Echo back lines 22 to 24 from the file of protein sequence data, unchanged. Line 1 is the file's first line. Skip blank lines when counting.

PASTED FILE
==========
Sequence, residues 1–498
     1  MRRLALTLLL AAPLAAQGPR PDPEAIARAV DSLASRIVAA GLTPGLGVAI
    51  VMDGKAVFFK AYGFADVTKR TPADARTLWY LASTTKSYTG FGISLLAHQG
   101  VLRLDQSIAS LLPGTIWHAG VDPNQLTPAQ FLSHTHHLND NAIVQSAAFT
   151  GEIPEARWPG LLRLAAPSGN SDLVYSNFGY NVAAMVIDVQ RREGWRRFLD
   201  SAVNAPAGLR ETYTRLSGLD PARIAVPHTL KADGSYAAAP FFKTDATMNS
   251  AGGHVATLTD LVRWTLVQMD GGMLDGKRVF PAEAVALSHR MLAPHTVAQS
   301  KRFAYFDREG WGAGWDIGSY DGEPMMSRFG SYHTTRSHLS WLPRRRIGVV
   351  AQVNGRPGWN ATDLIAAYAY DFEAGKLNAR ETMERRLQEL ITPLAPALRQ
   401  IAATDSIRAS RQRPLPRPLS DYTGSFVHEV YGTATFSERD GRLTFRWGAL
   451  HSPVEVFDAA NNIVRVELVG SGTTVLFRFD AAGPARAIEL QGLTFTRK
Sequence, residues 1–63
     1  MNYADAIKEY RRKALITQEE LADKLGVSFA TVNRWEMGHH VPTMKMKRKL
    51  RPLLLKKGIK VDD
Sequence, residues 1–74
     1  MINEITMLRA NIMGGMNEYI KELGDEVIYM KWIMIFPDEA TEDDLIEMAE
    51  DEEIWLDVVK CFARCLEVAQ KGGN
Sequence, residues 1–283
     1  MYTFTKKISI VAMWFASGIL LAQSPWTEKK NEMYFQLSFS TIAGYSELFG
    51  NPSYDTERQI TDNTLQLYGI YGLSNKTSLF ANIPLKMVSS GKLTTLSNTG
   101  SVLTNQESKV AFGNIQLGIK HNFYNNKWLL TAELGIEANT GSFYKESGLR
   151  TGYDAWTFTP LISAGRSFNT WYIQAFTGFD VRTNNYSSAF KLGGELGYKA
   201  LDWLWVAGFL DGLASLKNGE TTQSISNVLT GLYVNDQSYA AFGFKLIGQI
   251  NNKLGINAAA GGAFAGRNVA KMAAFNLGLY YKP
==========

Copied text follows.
   151  TGYDAWTFTP LISAGRSFNT WYIQAFTGFD VRTNNYSSAF KLGGELGYKA
   201  LDWLWVAGFL DGLASLKNGE TTQSISNVLT GLYVNDQSYA AFGFKLIGQI
   251  NNKLGINAAA GGAFAGRNVA KMAAFNLGLY YKP